Kinda funny finishing the last 2/3 of a book that takes place on Purim, on Purim. I highly recommend “The Trial of God” which is a play, that is supposed to be performed on Purim, and discusses where is god when the world goes wrong? Of course it asks more questions than it answers. The great thing about reading a play, which I had not done since high school, is that a play should only take 2 hours or so to perform. So if I can read close to as fast as people type, it should take only a few hours to read, which it did.

$15 for lunch at the airport, damn…but I could never stay upset at The Steak Escape for too long.

No one in middle, though it was still taken when I checked in…someone probably missed their connection.

The person I share the middle seat with, Hadar, was a great single serving friend. Her parent were flight attendants, so she was hooked up constantly with first class amenities, which she shares. Of course she wanted to hook me up with her 35 year old Philly friends, but that isn’t an option right now. Turns out a real upgrade to first class would have cost 30,000 miles and $400.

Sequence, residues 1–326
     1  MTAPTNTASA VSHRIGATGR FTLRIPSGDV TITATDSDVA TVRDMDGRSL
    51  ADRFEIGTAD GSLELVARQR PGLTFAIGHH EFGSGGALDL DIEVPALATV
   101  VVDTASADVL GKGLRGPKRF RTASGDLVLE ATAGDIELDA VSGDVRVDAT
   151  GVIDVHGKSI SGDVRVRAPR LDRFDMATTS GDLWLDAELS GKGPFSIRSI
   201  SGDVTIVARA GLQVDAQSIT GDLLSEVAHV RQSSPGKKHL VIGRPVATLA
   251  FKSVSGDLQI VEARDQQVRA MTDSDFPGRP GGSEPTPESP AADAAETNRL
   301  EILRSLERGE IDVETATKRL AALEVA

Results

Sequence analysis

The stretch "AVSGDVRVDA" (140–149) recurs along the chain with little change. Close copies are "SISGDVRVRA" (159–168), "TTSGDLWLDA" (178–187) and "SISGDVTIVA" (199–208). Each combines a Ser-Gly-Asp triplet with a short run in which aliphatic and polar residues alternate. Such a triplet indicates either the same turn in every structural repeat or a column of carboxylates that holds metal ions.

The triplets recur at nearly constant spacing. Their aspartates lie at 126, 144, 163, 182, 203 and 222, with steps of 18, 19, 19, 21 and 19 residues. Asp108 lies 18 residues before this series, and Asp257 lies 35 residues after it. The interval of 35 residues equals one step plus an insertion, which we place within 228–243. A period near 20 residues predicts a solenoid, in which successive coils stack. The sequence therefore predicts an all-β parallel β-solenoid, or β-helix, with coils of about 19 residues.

Poor David, a bachelor all alone, couldn’t sleep w/o his wife. I kinda hate sleeping alone too.
The movie selections were terrible. Enchanted is what I would have watched and I’d seen it already but that channel wasn’t working. Had to choose between Becoming Jane and Evening. I chose Ambien.

Besides sleeping and reading my book, I did some Itunes organizing. I’ve moved most of my documents and songs over to my new computer, but I didn’t want to move everything, so I’ve been spending a few hours reorganizing my Itunes, all 3,000 songs, putting them into playlists. Its kinda fun, but quite tedious.

I kinda think a TV show w/a Blog attached would really interest people. Like if Carrie’s articles from Sex and The City were actually published every week w/the show in USA today or something.

Friday, March 07, 2008

Eyesight